The house of Murashu were a family discovered in archaeological findings dating to the late 19th century. The family were alive during the fifth century BC in Nippur, participating in early economic activities.
Evidence of archaeology
A large proportion of archaeological evidence on the family is from a house in Nippur, found within the remains of a twenty by ten foot room of the building. It was initially found during 1893 within the third expedition of the University of Pennsylvania at the site, at the time directed by JH Haynes. Known as the Murashu archive, these consist of clay tablets, 879 in total (numbering 879 during 2005 Provan,Long,Longman; 835 during 2001Greenfield, Paul, Stone, Pinnick; 800 during 1999 Mieroop; and 650 during 1995 in Schramm) written in the languages Aramaic and Akkadian. The archive includes 657 different seal types (Bregstein).
The Murashu tablets provide a glimpse into what life was like for fifth-century Jewish descendants of the Babylonian Exile and captivity. After the Persian king Cyrus the Great captured Babylon in 539 BCE, he allowed and helped finance the return of Jews to Judea with the Edict of Cyrus in 538. The Murashu tablets are dated to this period after Jews were allowed to return to Judea. The fact that the banking house "Murashu & Sons" conducted business with Jews who decided to remain in Nippur rather than return to Judea suggests that life in Persian-controlled Nippur was at least somewhat tolerable for Jews.
The tablets discuss one such Jew, Udarna, son of Rahim-ili. Some of Udarna's property was stolen by his brother and nephew. To see that he might reacquire his property, Udarna brought his complaint to Bel-nadin-shumu, one of the sons of "Murashu & Sons." Udarna did have his property returned. In addition, no charges were brought against his brother or nephew. They also agreed that no offspring of Udarna would ever bring charges against Udarna's brother or nephew or their offspring. This act of forbidding any suit being brought against Udarna's brother and nephew or the generations after, was seemingly implemented to prevent a blood feud that might last generations.
HV Hilprecht considers the group ("firm") to be bankers and brokers, who were engaged in money-lending and trading operations in southern and central Babylonia for a period of 50 years from the end of the 5th century (Dandamaev, Lukonin,Kohl).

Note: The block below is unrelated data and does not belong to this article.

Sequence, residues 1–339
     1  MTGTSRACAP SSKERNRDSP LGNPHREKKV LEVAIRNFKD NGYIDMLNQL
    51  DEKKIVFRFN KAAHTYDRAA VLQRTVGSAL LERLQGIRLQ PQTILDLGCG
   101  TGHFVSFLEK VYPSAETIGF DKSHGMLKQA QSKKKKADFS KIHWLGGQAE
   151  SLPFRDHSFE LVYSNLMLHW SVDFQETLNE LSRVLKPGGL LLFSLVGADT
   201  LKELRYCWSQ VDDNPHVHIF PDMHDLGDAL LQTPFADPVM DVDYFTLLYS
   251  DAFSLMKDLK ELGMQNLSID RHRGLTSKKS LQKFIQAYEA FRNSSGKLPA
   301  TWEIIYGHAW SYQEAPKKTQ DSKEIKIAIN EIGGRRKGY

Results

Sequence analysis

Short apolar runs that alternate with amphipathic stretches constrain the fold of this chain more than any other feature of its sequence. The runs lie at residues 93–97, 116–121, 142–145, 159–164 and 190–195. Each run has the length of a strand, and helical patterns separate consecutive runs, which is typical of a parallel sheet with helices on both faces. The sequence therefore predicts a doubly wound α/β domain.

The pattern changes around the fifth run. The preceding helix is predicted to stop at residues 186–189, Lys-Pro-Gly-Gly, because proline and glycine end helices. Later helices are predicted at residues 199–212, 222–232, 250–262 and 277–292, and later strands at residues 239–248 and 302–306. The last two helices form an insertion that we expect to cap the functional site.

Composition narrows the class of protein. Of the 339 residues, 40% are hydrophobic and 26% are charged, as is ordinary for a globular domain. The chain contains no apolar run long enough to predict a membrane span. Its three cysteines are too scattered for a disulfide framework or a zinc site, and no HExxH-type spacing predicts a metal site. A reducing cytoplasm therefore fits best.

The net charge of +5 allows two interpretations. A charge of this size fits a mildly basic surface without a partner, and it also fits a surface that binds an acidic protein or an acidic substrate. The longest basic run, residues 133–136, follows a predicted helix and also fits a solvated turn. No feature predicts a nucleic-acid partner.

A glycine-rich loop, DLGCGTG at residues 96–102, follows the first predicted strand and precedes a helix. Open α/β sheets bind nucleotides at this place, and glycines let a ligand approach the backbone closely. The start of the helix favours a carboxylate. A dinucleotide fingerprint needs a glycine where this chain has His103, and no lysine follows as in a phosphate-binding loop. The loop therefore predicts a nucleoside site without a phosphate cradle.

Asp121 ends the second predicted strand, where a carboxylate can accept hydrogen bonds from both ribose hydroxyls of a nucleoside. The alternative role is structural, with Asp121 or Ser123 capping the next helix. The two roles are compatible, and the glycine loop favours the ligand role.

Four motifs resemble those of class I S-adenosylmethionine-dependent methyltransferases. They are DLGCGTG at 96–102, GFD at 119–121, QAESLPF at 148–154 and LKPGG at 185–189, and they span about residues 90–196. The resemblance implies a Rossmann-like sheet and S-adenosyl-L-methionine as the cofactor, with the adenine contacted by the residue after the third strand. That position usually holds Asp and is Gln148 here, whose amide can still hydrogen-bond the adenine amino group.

Three generations of the family are attested to in the Nippur documents. The archives ("legal" documentation) include matters concerning the less wealthy of Nippur living in the outer areas of the city, although also the interests of both royalty (the renting of fields - Dandamaev, Lukonin, Kohl) and those associated with these, participating as officials within their estate. The artifacts are dated to the time of the reign of the kings Artaxerxes I and Darius II, (otherwise dated 465, 464 or 455 to 404 or 403 BCE).
The core activity of the family was fief and estate land management, with members primarily active as creditors for workers of agricultural enterprises, in the lending and provision of equipment,seed, tools, irrigation and animals for this purpose, to individuals including Jewish persons, these relevant as to the book of Ezekiel. The archive gives information on interaction and agreement and the like with 100 Jewish families. The family employed more than 60 agents. The house leased plots of land owned by civil servants (23 high court officials) and warriors (bow-lands, horse-lands and chariot lands) transferring rental payments and also subsequent taxes to the royal family. The government used the family for the purposes of the collection of tax on land (harāka [OP]) (the family "farmed out" taxes). The family had dealings with 2500 separate individuals, at least as evidenced by the archive document when Schniedewind states this includes in total an "...onomasticon of some 2500 names...".
The family had no role in foreign exchange (international trade). Although members did travel to Susa (in Elam, about 200 kilometres distance) where they remained for months involved in financial businesses.
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